See how the orient dew
A. Marvell 324 Spring it is cheery

T. Hood

See, mother dear,” she said
W.C. Bryant 663 Spring, the sweet spring .

T. Nash

See, O see!

Lord Bristol 326 St. Agues' Eve, ah, bitter chill it was John Keats 117
See, the flowery spring is blown . Fohn Dyer 309 Stand here by my side and turn, I pray W.C. Bryant 320
See yon robin on the spray

Harrison Weir

344 Stand ! the ground 's your own, my braves !
Servant of God, well done
Montgomery 265

John Pierpont 446
Shall I love thee like the wind, love R. W. Raymond 61 Star of the mead ! sweet daughter of the day
Shall I tell you whom I love?
W m. Browne 60

Dr. Leyden 367
Shall I, wasting in despair ·

Geo. Wither 64 Star that bringest home the bee . Campbell 300
Shame upon thee, savage monarch

Stay, jailer, stay, and hear my woe! Geo. M. Lewis 236
M. F. Tupper 598 Stay, lady, stay, for mercy's sake

Mrs. Opie 247
Shed no tear, O, shed no tear. John Keats 657 Still to be neat, still to be drest Ben Jonson 593
She dwelt among the untrodden ways Wordsworth 194 | Stop, mortal! here thy brother lies

Eben. Elliott 705
She is a winsome wee thing


126 Such were the notes thy once-loved poet sung
She is not fair to outward view
H. Coleridge 48


She moves as light across the grass Miss Mulock 62 Summer joys are o'er (Translation of Charles T.
Shepherds all, and maidens fair


Ludwig Hölty 317
Beaumont and Fletcher 340
“The cock crows, — hark!" (Chinese)

Sweet and low, sweet and low


Translation of Wm. R. Alger 147 Sweet Auburn ! loveliest village of the plain
She shrank from all, and her silent mood


L E. Landon 215 Sweet, be not proud of those two eyes R. Herrick

She sits in a fashionable parlor

Stark 728 Sweet bird ! that sing'st away the early hours
She stood breast high amid the corn T. Hood


W'. Drummond 344
She walks in beauty, like the night Byron

44 Sweet day, so cool, so calm, so bright G. Herbert 186
She was a phantom of delight
Wordsworth 43 Sweeter and sweeter

7. W. Palmer 23
Shines the last age
R. W. Emerson 625 Sweetest Saviour, if my soul

G Herbert

Short is the doubtful empire of the night Thomson 311

Sweet Highland Girl, a very shower Wordsworth

Should auld acquaintance be forgot Burns 609 Sweet is the pleasure

5. S. Dwight 419
Shut, shut the door, good John !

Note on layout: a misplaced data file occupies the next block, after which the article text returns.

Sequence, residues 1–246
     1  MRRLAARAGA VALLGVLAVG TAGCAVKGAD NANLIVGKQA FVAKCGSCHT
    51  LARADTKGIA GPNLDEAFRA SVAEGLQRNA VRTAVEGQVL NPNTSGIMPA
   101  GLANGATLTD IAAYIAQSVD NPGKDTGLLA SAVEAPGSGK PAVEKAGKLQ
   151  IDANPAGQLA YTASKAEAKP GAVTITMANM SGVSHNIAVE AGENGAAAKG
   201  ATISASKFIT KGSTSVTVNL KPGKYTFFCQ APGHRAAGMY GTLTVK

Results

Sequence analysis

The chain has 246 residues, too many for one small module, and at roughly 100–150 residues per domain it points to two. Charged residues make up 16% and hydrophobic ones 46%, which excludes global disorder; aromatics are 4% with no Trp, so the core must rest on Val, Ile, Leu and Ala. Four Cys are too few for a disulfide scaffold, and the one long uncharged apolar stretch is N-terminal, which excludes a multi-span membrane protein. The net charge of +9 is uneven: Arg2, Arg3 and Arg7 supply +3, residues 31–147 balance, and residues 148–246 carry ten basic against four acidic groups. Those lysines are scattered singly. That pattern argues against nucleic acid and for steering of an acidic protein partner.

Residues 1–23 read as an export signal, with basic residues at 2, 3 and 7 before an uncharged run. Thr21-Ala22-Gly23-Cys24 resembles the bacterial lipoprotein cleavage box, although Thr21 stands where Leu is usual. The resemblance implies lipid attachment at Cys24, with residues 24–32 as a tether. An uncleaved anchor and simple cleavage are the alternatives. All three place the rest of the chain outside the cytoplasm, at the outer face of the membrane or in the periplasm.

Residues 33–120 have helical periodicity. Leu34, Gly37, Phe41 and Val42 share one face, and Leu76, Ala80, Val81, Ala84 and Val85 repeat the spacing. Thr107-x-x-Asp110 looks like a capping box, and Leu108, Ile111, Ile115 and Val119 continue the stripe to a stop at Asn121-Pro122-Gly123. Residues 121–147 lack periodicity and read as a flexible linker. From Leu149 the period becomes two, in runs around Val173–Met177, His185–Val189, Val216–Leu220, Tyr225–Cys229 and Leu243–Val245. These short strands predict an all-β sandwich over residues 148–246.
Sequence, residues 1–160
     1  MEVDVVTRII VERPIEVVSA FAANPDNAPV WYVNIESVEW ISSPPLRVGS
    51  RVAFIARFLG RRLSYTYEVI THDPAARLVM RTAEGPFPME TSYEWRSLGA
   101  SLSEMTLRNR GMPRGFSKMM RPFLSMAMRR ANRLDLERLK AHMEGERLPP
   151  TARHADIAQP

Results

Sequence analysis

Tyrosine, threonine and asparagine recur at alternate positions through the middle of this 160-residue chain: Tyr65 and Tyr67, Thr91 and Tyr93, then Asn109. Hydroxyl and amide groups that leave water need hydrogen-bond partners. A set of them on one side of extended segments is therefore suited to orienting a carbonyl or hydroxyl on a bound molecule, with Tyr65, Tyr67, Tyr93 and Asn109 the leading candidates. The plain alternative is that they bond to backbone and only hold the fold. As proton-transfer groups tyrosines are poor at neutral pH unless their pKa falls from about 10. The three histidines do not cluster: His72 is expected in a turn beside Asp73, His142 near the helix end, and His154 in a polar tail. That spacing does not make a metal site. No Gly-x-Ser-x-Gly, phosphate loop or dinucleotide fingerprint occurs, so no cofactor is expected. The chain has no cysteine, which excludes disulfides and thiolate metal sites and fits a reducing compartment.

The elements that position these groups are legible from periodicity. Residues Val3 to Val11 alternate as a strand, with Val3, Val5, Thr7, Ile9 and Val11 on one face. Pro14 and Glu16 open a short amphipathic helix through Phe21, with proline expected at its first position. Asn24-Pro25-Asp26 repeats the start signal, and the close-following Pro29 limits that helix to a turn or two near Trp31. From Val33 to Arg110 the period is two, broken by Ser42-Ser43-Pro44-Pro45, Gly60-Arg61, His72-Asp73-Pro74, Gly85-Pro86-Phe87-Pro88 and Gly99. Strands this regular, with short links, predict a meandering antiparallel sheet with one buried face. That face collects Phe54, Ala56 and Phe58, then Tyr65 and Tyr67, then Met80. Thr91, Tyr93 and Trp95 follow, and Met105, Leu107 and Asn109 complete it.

602 Sweetly breathing vernal air

T. Carew

Sweet stream, that winds through yonder glade
Silent nymph, with curious eye! John Dyer 327

Since faction ebbs, and rogues grow out of fashion

Swiftly walk over the western wave Shelley 302

Dryden 735 Sword, on my left side gleaming (Translation of
Since our foes to invade us .

Anonymous 444
Charles T. Brooks)


Since there's no helpe, - come let us kisse and Take back into thy bosom, earth

B. Simmons 703

M. Drayton 150 Take one example to our purpose quite Robert Pollok 706
Singing through the forests .

7. G. Saxe 744 Take, O, take those lips away
Sing, sweet thrushes, forth and sing! T. T. Stoddart 520

Shakespeare and Foh: Fletcher 168
Sir Marmaduke was a hearty knight Geo. Colman 756 Take the


Anonymous 415
Sit down, sad soul, and count Barry Cornwall 268 ! Tears, idle tears, I know not what they mean
Six skeins and three, six skeins and three Alice Carey


Tennyson 223
Six years had passed, and forty ere the six

Tell me not in mournful numbers Longfellow 582
Geo. Crabbe 226 Tell me not, sweet, I am unkinde R. Lovelace

Sleek coat, eyes of fire
Anonymous 6 Tell me where is fancy bred

Shakespeare 629
Sleep breathes at last from out thee Leigh Hunt

15 Tell me, ye winged winds

Chas. Mackay 268
Sleep on! and dream of Heaven awhile! Rogers

47 Thank Heaven ! the crisis

E. A. Poe 189
Sleep! - The ghostly winds are blowing

Thanks untraced to lips unknown Whittier 567

Barry Cornwall 172 That each who seems a separate whole Tennyson 182
Slowly thy flowing tide

Southey 612 That Heaven's beloved die early Eben. Elliott 706
So all day long the noise of battle rolled Tennyson 407 That I love thee, charming maid Wm. Maginn 42
So fallen ! so lost I the light withdrawn Whittier 713
Softly woo away her breath

Barry Cornwall 179 That which her slender waist confined Waller 50
Soldier, rest! thy warfare o'er


you have wronged me doth appear in this
So many worlds, so much to do
Tennyson 183

Shakespeare 35
Somebody 's courting somebody Anonymous 97 The abbess was of noble blood


Some of their chiefs were princes of the land

The angel of the flowers, one day (Translation)
Dryden 718

Krummacher 365
Some of


you have cured R. W. Emerson 625 The Assyrian came down like the wolf on the fold
Some say that kissing 's a sin
Anonymous 79

Sometimes I catch sweet glimpses of His face

The autumn is old

T. Hood
H. Bonar 276 The barge she sat in, like a burnished throne
Some years ago, ere time and taste W. M. Praed 560

Shakespeare 558
So nigh is grandeur to our dust R. W. Emerson 625 The bell strikes one ; we take no note of time
So the truth 's out. I'll grasp it like a snake

Young 616
Miss Mulock 165 The bird let loose in eastern skies T. Moore 259
Sound the loud timbrel o'er Egypt's dark sea

The blessed damozel leaned out D. G. Rossetti 644

T. Moore 283 The blessed morn has come again Ralph Hoyt 320
Source immaterial of material naught R. H. Newell 775 The boy stood on the burning deck Mrs. Hemans 487
Speak, 0 man, less recent! Fragmentary fossil !

The brcaking waves dashed high Mrs. Hemans 461
F. B. Harte 731 | The brilliant black eye

T. Moore


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The bubbling brook doth leap when I come by

The moon it shines

Chas. T. Brooks 6
Fones Very 325 The moon 's on the lake, and the mist 's on the brae
The careful hen


The castled crag of Drachenfels Byron 331 The more we live, more brief appear Campbell 611
The cock is crowing

Wordsworth 307 The morning dawned full darkly W.E. Asteun 677
The comet ! he is on his way
0. W. Holmes 757 The Moth's kiss, first !